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Anthrax Spores Appear in Russia

Health: Experts find 'negligible' traces of the bacterium in a U.S. Consulate mailbag in Yekaterinburg, site of a deadly outbreak in '79.


MOSCOW — In the second case of anthrax in the former Soviet Union in a week, Russian experts in the Ural Mountains city of Yekaterinburg found spores of the deadly disease in a U.S. diplomatic mailbag.

No staff members at the U.S. Consulate in Yekaterinburg exhibited symptoms of the illness, but one employee is taking antibiotics as a precaution, according to a statement from the consulate Tuesday. The State Center for Medical Epidemiological Control in Yekaterinburg did tests on six mailbags sent to the consulate from Washington, one of which tested positive.

The bags arrived in Yekaterinburg on Oct. 25, and the first tests were performed the following day.

The consulate requested the tests after a U.S. announcement that State Department mail-handling facilities in Washington and Sterling, Va., had been contaminated with anthrax.

The source of the anthrax spores in the Yekaterinburg case was unknown, but they were found on the inside of the bag, according to the consulate statement.

A massive investigation is underway in the United States into the recent anthrax attacks that have resulted in 17 confirmed cases and four deaths, but authorities don't know who has been behind the assaults.

The first tests on all six bags proved negative, but a second set of more sophisticated tests found traces of anthrax in one bag.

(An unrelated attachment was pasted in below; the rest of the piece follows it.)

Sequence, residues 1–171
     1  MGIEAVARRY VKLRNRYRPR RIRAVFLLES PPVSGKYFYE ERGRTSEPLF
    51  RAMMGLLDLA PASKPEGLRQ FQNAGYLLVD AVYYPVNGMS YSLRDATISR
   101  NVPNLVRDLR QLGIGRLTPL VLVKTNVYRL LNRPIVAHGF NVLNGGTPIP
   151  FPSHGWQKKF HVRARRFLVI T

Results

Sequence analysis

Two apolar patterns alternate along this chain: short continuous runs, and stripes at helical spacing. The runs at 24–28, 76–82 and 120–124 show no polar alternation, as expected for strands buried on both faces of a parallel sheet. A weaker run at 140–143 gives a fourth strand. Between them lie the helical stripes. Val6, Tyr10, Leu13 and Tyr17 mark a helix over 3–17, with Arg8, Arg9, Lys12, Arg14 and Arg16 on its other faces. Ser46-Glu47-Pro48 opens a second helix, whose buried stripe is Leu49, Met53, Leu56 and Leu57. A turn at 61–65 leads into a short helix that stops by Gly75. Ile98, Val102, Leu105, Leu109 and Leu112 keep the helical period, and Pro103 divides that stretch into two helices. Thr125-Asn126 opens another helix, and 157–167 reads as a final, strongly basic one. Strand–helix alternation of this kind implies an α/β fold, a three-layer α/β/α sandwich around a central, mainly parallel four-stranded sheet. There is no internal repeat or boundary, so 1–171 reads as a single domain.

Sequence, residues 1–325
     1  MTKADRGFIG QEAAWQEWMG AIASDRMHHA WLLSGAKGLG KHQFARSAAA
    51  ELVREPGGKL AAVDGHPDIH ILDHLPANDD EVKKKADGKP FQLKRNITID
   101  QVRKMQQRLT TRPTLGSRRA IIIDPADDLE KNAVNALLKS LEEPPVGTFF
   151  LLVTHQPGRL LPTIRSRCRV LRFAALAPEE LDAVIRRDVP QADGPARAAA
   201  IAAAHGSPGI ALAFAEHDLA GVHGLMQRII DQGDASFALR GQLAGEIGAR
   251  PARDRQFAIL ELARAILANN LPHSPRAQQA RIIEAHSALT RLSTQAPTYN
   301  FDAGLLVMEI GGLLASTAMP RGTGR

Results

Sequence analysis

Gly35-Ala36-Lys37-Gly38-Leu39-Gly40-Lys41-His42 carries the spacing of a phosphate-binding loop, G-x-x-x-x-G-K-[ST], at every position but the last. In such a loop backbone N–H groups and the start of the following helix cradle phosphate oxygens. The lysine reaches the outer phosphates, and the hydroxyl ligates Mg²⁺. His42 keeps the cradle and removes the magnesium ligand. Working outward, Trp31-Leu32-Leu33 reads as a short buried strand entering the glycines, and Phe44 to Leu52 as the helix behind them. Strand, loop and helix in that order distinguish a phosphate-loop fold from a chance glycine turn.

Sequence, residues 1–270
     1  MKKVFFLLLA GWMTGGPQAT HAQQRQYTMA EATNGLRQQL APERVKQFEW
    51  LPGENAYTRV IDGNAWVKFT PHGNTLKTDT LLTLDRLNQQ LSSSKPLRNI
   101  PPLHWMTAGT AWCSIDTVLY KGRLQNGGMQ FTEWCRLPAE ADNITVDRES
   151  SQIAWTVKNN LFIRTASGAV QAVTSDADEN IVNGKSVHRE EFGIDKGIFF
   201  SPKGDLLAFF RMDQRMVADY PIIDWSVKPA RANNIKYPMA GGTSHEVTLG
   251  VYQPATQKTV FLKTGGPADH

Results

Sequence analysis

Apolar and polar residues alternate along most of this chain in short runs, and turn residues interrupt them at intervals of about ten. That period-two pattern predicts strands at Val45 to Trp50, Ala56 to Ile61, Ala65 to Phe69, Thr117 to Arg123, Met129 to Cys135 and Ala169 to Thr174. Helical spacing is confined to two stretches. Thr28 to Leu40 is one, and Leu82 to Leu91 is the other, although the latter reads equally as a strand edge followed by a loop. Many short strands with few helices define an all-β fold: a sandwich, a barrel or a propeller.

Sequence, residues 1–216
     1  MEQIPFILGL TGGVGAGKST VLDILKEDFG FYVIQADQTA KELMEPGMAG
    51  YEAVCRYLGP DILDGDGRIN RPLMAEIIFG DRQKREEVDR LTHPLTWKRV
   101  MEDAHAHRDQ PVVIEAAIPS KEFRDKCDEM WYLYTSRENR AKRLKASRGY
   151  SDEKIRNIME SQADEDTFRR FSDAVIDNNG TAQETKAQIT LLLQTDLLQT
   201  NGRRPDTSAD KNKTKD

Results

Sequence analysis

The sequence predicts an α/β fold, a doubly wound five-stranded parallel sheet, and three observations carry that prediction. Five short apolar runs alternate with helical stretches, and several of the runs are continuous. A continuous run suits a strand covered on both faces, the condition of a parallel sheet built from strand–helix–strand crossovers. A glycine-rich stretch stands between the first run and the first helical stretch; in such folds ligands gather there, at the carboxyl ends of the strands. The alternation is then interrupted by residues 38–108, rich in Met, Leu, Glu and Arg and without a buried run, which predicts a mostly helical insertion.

"We understand that, since two tests were required to detect spores, the amount of anthrax in the bag was negligible," the consulate statement said.

Medical experts in Moscow and Yekaterinburg advised the consulate that only one staff member required antibiotics. The anthrax scare has spread around the world, with numerous reports of white powder in mail but few confirmed cases.

So far, there have been no confirmed cases of anyone outside America contracting anthrax through the mail.

The discovery of spores of anthrax in Yekaterinburg comes several days after traces of it were found in a diplomatic mailbag at the U.S. Embassy in Vilnius, Lithuania. The mail room there was later disinfected on instructions from the State Department.

Victor Romanenko, the deputy chief of the epidemiological center in Yekaterinburg, said in a phone interview that the number of spores was "very insignificant."

"The consulate didn't produce any letters or documents for examination," he said.

"But we are not going to press them to do it because we are absolutely sure that there is no danger for the population of our region."

Yekaterinburg, the hometown of former President Boris N. Yeltsin, was the site of the deadliest anthrax outbreak on record.

In 1979, at least 64 people died when anthrax spores leaked from a top-secret facility making weapons-grade anthrax, in breach of an international treaty.

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